Dog Traded for a Cell Phone is Reunited with His Family by the MSPCA-Nevins Farm

January 10, 2012

Methuen, Mass., Jan. 10, 2012 – One year after U.S. Navy Chief Chris VanLaar was deployed to sea in 2010 he and his fiancé Carly made the painful decision to re-home their dog Jax.  A spirited and playful one-year-old Pit Bull, the couple felt Jax needed the constant companionship they were suddenly unable to provide given Chris’ deployment.  Chris and Carly ultimately found a new owner from Stoneham, Mass. who, on paper, seemed the perfect adopter for Jax.

 

The new owner had a small family and another dog: an ideal environment for the playful and active Jax.  When they drove to Chris and Carly’s house to pick up Jax Carly felt very sad to be saying goodbye, but confident she was doing the right thing for her beloved dog.

 
 Jax resting at home

 

Soon after the transfer, however, Carly began to have doubts.  “They promised to keep us informed on how Jax settled in with the family.  I was hoping for regular updates and pictures, but I never heard from them after dropping Jax off.”  Determined to know how Jax was doing, Carly pressed for details.  She ultimately learned that Jax’s new family decided to give him to a relative. 

 

From there, Jax’s story gets very fuzzy.

 

“We believe that the relative gave Jax away to someone who then traded him for a cell phone,” said Mike Keiley, Director of the MSPCA-Nevins Farm Animal Care and Adoption Center.  “While we are appalled that a dog (or any animal) would be traded for a cell phone it was a fortunate break for Jax, because he was then brought to Nevins Farm.  And given the condition in which he arrived it was not a moment too soon.”

 

Jax arrived at Nevins Farm having lost between 20 and 25 pounds.  This was a shocking weight loss given that only three weeks transpired between Jax going to his new home and his arrival at Nevins Farm.  It was clear to Keiley and his team that Jax was not properly cared for, or fed, while he bounced from stranger to stranger.  After settling Jax down in a warm kennel with plenty of fresh food and water, the team set about trying to track down his owners.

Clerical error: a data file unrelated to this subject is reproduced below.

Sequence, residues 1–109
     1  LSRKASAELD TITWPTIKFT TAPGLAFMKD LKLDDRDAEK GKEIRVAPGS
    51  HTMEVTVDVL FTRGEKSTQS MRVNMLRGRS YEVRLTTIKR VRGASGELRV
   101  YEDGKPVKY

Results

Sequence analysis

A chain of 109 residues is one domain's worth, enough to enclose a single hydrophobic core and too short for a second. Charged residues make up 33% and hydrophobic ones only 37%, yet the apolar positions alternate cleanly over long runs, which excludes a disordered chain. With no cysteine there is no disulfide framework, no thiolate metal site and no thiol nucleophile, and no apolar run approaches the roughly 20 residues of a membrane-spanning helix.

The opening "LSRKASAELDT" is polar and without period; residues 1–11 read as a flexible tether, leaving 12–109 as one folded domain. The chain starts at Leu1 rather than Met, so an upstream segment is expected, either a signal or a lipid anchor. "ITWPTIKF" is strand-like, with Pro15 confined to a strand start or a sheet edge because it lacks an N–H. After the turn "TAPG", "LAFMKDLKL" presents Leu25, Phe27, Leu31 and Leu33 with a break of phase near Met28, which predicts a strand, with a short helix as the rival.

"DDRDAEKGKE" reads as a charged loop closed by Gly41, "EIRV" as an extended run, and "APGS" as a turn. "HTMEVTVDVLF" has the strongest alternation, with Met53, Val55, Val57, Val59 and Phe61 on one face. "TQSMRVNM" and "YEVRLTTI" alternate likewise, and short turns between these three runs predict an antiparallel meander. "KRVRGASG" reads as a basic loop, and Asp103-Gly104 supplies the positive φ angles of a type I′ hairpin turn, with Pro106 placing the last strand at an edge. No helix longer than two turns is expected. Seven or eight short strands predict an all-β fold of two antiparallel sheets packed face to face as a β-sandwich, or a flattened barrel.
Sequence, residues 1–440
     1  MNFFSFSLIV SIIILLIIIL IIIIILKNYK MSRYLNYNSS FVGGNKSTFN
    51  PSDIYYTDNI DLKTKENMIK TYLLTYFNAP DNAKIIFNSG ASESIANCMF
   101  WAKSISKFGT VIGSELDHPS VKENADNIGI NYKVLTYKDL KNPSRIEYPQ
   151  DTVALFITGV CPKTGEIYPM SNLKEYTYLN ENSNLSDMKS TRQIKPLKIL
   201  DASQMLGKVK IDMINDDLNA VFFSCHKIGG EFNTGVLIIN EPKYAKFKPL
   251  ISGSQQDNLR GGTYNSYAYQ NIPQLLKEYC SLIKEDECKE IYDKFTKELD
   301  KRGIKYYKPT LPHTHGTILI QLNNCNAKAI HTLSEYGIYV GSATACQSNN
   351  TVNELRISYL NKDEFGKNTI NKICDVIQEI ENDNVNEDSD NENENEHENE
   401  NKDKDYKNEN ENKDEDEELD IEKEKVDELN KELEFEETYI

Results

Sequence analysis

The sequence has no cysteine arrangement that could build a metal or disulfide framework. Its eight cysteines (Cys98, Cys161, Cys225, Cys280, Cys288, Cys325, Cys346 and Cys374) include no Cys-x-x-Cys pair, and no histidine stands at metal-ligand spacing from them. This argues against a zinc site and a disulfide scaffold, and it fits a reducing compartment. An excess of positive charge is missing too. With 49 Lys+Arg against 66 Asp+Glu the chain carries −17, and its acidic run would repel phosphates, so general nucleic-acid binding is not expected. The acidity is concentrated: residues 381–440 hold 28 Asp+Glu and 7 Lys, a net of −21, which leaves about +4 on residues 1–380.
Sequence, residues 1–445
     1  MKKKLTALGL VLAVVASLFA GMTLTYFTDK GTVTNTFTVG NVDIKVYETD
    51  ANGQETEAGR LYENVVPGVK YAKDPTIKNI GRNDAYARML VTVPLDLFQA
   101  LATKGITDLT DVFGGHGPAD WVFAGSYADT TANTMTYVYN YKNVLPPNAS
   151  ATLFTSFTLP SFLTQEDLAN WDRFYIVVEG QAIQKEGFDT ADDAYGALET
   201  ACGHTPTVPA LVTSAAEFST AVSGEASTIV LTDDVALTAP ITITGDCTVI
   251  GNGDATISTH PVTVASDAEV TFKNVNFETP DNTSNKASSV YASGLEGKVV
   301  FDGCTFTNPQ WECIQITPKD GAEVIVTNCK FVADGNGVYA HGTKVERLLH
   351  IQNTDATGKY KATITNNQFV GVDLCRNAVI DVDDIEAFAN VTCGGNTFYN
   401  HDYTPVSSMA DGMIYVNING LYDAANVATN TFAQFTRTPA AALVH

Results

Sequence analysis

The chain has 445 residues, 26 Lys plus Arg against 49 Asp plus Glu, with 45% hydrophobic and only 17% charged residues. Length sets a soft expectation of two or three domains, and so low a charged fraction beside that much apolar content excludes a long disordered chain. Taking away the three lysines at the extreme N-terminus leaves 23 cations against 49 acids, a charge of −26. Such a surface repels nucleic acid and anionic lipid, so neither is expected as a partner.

While Jax was not microchipped, The MSPCA-Nevins Farm team was able to trace him back to Chris through his rabies vaccination certificate.  Keiley immediately called Chris—now back home from his deployment—to let him know that Jax was in safe hands at the Adoption Center.

 

“Obviously I was shocked to learn what Jax had gone through and very relieved that he ultimately found his way to the MSPCA-Nevins Farm,” said Chris.  “Upon hearing that he was at the adoption center we immediately decided to bring him home for good.”  Jax is now back with Chris, Carly and their son Logan.  He has settled into a life of leisure with the family who only ever wanted the best for him, and are now grateful to  have him home, where he will stay forever.

 
 Jax at home with Logan

 

The importance of Microchipping

Jax’s story underscores why microchipping is essential for all dogs and cats.  Jax wasn’t microchipped and his rabies vaccination proved essential in identifying him and contacting his original owners.  Every year 10 million pets go missing and over half of them arrive at shelters without identification tags.  When animals are microchipped they can be scanned at almost any animal shelter and their owners can be contacted immediately.  Fortunately Jax is now microchipped and that, coupled with a collar and a loving and supportive family, means his story has ended very happily.  For more information on microchipping, click here.

 

 

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The MSPCA-Angell is a national and international leader in animal protection and veterinary medicine and provides direct hands-on care for thousands of animals each year. Founded in 1868, it is the second-oldest humane society in the United States. Services include animal protection and adoption, advocacy, humane education, law enforcement, and world-class veterinary care. The MSPCA-Angell is a private, non-profit organization. It does not receive any government funding nor is it funded or operated by any national humane organization. The MSPCA-Angell relies solely on the support and contributions of individuals who care about animals. Please visit www.mspca.org.